David Foster Wallace from an appendix to his famous essay on David Lynch.
From an interview with the artist Margaret Chardiet aka Pharmakon on her sister’s website (presumably by her sister):
“The name it’s self is the gateway to understanding what the project is about. Pharmakon is an ancient Greek word; it means both poison and remedy, at the same time. It is the philosophy of something being dual in nature. The idea that something which could harm you, could also help you. But the distinction that is important to me is that the project is about duality, not juxtaposition, it is not about two things that are on opposite sides of the same spectrum, it is about two things that are opposite being the same thing.
There are many themes that fall under that umbrella. If you break [Pharmakon] down to it’s core, it is human connection. It’s not some cold power electronics project. It’s hot and sticky. It is the moisture in your groin. What is it? You can’t help it; it’s just there. I didn’t mean to put it there. I know it’s offensive, but the human race is disgusting. If they think I am acceptable, then I am doing something wrong, frankly.”
I don’t think that Fire Walk With Me is a great movie but Wallace’s interpretation of it makes me like it more, and his explanation of what makes something Lynchian helped me understand why I am so drawn to his aesthetic: its unflinching depiction of the mixed up nature of reality, with nothing to separate dark and light, them and you, just a terrifying sense that you do have some of this darkness inside of you and so does everyone you know.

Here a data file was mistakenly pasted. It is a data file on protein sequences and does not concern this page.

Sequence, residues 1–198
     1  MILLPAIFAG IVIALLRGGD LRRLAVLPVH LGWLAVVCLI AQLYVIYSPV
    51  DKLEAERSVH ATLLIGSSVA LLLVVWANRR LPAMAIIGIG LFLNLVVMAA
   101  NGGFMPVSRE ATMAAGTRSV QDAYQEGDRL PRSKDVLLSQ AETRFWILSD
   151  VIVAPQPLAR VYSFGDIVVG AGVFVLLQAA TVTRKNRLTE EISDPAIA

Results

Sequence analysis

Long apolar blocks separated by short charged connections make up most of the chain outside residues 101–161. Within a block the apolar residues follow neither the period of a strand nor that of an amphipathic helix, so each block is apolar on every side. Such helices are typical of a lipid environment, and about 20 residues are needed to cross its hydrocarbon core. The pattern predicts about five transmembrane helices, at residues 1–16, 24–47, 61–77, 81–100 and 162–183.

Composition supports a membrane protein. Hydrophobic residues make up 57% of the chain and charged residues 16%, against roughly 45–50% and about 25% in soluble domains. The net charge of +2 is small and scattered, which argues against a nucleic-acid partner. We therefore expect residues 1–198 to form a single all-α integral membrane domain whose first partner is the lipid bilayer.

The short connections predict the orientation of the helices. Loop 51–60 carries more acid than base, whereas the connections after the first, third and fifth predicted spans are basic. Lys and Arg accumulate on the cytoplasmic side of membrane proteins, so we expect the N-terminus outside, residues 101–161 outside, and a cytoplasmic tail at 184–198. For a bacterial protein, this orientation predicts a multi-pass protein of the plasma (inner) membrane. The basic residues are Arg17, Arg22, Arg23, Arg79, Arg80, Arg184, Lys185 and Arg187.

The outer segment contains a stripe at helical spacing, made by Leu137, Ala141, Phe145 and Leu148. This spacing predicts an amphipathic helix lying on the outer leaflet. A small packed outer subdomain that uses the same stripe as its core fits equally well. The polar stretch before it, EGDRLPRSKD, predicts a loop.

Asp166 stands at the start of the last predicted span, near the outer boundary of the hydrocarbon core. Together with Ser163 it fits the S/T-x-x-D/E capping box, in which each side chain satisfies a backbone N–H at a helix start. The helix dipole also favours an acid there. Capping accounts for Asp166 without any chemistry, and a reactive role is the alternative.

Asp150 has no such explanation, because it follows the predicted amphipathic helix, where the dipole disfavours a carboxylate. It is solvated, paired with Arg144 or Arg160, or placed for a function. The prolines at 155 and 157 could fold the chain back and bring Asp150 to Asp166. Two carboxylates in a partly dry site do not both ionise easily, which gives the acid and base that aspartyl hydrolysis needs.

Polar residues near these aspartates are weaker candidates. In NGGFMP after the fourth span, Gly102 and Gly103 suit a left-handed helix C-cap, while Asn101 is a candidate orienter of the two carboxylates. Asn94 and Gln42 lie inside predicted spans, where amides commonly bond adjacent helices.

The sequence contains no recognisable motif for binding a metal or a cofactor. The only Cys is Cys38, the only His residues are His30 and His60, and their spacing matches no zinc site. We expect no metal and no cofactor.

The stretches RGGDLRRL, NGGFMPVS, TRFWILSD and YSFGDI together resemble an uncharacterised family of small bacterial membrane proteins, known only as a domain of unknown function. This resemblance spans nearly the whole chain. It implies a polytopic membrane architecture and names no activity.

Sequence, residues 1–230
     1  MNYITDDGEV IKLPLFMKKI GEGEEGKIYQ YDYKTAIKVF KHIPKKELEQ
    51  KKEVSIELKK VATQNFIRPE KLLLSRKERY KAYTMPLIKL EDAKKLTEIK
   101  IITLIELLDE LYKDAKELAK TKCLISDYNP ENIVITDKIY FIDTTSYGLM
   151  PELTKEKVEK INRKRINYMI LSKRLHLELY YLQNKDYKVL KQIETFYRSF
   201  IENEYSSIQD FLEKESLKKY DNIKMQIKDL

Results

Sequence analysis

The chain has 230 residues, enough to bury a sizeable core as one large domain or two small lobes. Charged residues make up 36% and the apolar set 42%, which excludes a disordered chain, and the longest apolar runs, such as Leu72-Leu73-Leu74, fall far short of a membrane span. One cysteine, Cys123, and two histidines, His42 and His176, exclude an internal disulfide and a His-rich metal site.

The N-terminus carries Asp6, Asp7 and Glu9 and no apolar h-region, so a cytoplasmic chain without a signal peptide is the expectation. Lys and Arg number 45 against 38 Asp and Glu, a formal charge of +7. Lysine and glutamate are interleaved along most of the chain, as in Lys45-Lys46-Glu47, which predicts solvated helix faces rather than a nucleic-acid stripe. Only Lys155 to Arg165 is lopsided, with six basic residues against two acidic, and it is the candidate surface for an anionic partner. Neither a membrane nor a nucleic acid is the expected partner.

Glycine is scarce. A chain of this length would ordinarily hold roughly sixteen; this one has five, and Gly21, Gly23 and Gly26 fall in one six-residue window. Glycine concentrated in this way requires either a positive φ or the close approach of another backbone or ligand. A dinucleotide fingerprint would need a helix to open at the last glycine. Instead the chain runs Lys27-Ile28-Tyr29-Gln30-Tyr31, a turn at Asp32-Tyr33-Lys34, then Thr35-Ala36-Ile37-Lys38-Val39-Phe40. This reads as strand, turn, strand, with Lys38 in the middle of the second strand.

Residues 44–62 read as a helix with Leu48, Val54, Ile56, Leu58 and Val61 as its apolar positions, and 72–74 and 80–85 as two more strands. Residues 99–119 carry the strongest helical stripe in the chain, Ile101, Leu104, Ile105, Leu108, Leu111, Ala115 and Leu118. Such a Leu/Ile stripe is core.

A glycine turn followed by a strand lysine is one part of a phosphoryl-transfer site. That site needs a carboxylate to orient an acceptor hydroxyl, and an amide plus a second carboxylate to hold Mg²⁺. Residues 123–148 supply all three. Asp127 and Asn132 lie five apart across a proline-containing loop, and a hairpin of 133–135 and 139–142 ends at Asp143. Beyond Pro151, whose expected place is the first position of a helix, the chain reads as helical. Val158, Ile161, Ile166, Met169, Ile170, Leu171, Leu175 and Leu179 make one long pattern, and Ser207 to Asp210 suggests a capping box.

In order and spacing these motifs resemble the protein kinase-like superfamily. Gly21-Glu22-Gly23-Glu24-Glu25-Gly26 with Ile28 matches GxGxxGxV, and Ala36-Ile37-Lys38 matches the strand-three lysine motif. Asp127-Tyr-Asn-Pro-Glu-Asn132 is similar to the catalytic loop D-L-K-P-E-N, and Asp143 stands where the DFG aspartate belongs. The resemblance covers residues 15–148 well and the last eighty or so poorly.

There’s obviously a feminist interpretation here, and I think there’s a reason so many female and queer artists recently have embraced a Lynchian aesthetic, as I think Wallace is points out that it is inherently part of the way “others” experience reality and employing it is a great way to expose that to those who don’t naturally feel it.
Contrary to what we ordinarily believe, consciousness is not a stable, self-regulating entity. When left to itself, deprived of organized sensory input, the mind begins to wander and is soon prey to unbridled hallucinations. Most people require an external order to keep randomness from invading their mind. It is very difficult to keep ideas straight without the assistance of a sensory template that gives them boundaries and direction. When people have nothing to do, they generally begin to fret, become depressed, and become anxious; unless they turn on the television or find. some other activity that will direct their attention, their moods progressively deteriorate. That is why people report their worst moods on Sunday mornings, when, deprived of a cultural script, they flounder in the quagmire of freedom. The mind was not designed to be self-regulating or to function well when idling.
This is where objects can be helpful. As Arendt observed:
The things of the world have the function of stabilizing human life, and their objectivity lies in the fact that … men, their ever-changing nature notwithstanding, can retrieve their sameness, that is, their identity, by being related to the same chair and the same table. In other words, against the subjectivity of men stands the objectivity of the man-made world …. Without a world between men and nature, there is eternal movement, but no objectivity.
(Arendt 1958: 137)
Artifacts help objectify the self in at least three major ways. They do so first by demonstrating the owner’s power, vital erotic energy, and place in the social hierarchy. Second, objects reveal the continuity of the self through time, by providing foci of involvement in the present, mementos and souvenirs of the past, and signposts to future goals. Third, objects ‘, give concrete evidence of one’s place in a social network as symbols (literally, the joining together) of valued relationships. In these three things stabilize our sense of who we are; they give a permanent shape to our views of ourselves that otherwise would quickly dissolve in the flux of consciousness.